I also questioned the entity of women. Are we mere objects of sexual desire or are we actually reduced to being such objects? I remember a few days ago, after a visit to a beauty parlour, my six-year-old son asked, “Why do you go to the parlour and endure so much pain?” He then asked if he would have to go to the parlour too, when he grew up. I told him that boys didn’t need beauty treatments.

His next question was simple: “Why?” And even as I fumbled for an answer, I realised that we women groomed ourselves to look attractive, but nobody placed the expectation of looking good all the time on men (though I know of several men who groom themselves a lot). The larger question is: who exempted men from looking their best at all times? And who said women cannot go about with unmanicured nails, hairy armpits and visible moustaches? What is so unattractive about that? And if we have to blame ‘society’ for these expectations, then aren’t we women a part of this society, too? Why, then, do we accept the idea that women must always look attractive and ‘ladylike’ at all times?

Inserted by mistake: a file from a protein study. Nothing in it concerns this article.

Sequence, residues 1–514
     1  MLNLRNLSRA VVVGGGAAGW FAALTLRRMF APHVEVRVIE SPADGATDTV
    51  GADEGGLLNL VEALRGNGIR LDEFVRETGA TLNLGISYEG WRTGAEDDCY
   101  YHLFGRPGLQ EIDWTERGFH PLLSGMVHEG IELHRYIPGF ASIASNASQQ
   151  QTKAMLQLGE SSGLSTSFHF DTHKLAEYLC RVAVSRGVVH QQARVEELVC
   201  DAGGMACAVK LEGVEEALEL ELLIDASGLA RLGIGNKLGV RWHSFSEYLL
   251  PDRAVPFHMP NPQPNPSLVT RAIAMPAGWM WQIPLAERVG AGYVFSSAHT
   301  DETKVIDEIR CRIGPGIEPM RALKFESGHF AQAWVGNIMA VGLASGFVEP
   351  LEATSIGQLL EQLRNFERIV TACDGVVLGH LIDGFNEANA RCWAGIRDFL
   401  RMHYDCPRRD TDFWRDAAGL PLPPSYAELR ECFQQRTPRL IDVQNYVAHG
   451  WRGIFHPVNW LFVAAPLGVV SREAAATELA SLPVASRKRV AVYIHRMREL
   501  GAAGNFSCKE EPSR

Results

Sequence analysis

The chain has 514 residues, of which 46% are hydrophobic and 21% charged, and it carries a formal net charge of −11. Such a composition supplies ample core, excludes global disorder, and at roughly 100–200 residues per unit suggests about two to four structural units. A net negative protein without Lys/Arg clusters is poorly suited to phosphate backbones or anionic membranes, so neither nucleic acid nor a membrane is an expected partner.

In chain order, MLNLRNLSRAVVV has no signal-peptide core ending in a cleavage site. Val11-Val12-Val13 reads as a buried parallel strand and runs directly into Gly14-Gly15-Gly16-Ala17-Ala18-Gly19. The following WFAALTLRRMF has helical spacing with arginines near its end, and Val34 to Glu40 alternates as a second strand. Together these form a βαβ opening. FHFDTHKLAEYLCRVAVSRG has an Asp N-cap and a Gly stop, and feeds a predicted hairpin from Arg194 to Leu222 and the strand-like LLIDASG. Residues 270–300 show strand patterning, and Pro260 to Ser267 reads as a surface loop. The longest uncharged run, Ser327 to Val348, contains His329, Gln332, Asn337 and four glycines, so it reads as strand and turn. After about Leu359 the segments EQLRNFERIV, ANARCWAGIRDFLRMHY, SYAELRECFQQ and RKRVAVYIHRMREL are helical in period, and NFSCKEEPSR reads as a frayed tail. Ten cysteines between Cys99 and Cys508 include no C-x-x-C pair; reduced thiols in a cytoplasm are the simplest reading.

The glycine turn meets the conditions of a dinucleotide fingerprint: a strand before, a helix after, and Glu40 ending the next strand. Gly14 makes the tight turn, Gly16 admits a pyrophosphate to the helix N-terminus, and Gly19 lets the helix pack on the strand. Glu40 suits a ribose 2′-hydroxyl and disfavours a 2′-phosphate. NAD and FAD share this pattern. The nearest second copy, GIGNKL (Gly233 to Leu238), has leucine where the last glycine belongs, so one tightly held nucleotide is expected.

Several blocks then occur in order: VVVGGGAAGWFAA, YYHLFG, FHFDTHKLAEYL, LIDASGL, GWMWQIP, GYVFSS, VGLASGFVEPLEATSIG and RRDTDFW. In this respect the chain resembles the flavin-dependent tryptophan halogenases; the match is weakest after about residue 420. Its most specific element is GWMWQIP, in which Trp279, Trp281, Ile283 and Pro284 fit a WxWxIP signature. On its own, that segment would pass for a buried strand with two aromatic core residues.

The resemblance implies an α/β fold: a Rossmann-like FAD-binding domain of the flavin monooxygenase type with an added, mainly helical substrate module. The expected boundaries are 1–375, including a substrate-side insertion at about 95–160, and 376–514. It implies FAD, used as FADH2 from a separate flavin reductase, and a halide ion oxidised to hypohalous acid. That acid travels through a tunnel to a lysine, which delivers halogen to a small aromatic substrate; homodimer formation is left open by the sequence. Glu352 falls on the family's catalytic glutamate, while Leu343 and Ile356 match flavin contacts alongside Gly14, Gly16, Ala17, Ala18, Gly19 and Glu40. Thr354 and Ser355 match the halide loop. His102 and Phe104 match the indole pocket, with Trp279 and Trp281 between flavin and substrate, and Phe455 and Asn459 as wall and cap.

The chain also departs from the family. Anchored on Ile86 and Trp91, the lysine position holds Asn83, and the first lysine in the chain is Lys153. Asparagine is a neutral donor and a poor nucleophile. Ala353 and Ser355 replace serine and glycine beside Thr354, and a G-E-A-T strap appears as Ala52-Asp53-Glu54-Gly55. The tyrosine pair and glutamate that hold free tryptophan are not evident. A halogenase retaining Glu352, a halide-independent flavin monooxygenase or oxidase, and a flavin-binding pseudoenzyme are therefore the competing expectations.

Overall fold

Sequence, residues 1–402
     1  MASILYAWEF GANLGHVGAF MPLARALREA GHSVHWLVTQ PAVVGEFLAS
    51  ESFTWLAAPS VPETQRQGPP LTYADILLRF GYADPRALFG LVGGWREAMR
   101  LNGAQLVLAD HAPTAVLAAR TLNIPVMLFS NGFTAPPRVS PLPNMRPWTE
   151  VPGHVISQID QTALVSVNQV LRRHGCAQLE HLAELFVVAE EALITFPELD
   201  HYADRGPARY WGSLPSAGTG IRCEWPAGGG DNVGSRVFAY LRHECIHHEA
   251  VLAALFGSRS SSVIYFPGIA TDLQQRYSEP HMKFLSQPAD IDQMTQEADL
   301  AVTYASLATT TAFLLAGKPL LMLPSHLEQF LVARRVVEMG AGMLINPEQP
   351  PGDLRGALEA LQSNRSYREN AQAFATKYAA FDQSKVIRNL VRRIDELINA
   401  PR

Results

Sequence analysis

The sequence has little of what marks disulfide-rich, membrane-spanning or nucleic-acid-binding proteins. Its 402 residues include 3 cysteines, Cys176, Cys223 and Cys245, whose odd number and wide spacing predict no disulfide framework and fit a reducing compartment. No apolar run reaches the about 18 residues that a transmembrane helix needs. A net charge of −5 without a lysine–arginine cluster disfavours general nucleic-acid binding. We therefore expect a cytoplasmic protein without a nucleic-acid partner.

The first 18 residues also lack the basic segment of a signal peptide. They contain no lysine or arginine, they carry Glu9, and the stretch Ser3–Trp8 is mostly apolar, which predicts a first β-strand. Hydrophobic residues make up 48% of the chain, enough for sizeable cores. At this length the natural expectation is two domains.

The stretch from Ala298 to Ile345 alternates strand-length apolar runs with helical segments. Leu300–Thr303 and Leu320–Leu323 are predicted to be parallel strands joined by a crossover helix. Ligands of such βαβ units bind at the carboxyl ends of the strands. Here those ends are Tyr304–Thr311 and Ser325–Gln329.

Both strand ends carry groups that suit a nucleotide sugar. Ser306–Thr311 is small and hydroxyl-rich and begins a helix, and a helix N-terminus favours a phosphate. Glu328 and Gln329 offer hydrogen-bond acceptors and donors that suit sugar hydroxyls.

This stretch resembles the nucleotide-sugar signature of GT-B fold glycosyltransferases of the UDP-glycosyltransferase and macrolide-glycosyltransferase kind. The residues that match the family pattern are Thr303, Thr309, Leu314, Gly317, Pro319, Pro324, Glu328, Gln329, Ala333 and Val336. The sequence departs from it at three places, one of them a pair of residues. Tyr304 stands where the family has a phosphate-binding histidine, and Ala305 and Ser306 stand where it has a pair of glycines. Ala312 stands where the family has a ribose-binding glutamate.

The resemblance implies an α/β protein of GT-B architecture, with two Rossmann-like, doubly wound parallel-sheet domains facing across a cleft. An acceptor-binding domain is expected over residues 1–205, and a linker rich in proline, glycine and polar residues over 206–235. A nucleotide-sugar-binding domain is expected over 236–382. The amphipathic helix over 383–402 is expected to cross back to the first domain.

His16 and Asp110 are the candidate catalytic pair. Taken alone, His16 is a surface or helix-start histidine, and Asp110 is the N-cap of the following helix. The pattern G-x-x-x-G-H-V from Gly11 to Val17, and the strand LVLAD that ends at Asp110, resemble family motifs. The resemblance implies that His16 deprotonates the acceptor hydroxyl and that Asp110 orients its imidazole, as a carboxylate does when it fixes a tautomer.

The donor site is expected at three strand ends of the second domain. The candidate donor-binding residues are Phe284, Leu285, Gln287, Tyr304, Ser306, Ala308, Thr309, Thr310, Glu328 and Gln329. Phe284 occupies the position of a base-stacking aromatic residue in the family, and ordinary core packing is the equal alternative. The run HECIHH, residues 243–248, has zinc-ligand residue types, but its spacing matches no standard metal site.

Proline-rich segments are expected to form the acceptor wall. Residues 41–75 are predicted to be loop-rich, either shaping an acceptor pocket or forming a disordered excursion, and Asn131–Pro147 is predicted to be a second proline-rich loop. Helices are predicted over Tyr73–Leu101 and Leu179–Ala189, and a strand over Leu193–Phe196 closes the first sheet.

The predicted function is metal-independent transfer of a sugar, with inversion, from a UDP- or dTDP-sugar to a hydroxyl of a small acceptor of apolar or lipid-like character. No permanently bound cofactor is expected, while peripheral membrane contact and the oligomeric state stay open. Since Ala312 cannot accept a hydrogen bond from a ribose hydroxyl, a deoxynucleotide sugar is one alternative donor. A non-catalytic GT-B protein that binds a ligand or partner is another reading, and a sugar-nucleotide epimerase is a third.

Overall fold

We lament the plight of our women but I find that women are exploited all over the world. My experience in Thailand made me introspect about my own status as a woman and I found that thankfully, till date, my gender has never been a hindrance during any of my life stages, be it school, college, career or even as a citizen. I am proud to say that I owe most of this to my city Mumbai which has largely contributed in making me cherish my gender rather than be struck down by it.

Mumbai definitely scores much above all other cities in India as far as gender issues are concerned. Despite incidents of molestation and rape being reported on a regular basis, I still feel safe in Mumbai. The city doesn’t care much about me being a woman, and I get to enjoy my freedom when I walk on the streets late at night or reach home late from work. I have my own compartment and seats reserved in trains and other public transport. I can have coffee at a coffee joint without being stared at. My workplace does not give me any concessions because of my gender. I see hordes of women every morning stepping out of their homes on the way to their jobs, and they don’t look nervous or scared – on the contrary, their confidence rubs off on newcomers in the city. There are dark sides to Mumbai where one can find Thailand-like scenarios, but still the city lets you be what you want to be. This is a city that belongs to me as much as anyone.

And my heart goes to the millions of women all over the world who are sex workers. I feel their outrage at being commodified, but I feel tremendous respect for them for being courageous and dignified despite their situation.

(Pictures courtesy content.time.com, www.zimbio.com. Images used for representational purpose only)